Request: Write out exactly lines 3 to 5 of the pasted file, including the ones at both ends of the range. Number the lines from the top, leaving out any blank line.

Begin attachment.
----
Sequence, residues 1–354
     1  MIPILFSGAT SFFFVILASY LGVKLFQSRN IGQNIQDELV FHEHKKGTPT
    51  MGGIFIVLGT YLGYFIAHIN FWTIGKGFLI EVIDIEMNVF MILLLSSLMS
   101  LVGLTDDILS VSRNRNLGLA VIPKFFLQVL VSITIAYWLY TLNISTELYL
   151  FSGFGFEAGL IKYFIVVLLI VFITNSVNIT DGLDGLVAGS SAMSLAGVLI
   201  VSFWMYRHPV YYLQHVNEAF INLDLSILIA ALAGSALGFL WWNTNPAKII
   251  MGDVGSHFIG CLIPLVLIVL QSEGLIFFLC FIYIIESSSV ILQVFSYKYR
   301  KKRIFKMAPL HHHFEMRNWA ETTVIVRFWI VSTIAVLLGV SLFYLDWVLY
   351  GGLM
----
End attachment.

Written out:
    51  MGGIFIVLGT YLGYFIAHIN FWTIGKGFLI EVIDIEMNVF MILLLSSLMS
   101  LVGLTDDILS VSRNRNLGLA VIPKFFLQVL VSITIAYWLY TLNISTELYL
   151  FSGFGFEAGL IKYFIVVLLI VFITNSVNIT DGLDGLVAGS SAMSLAGVLI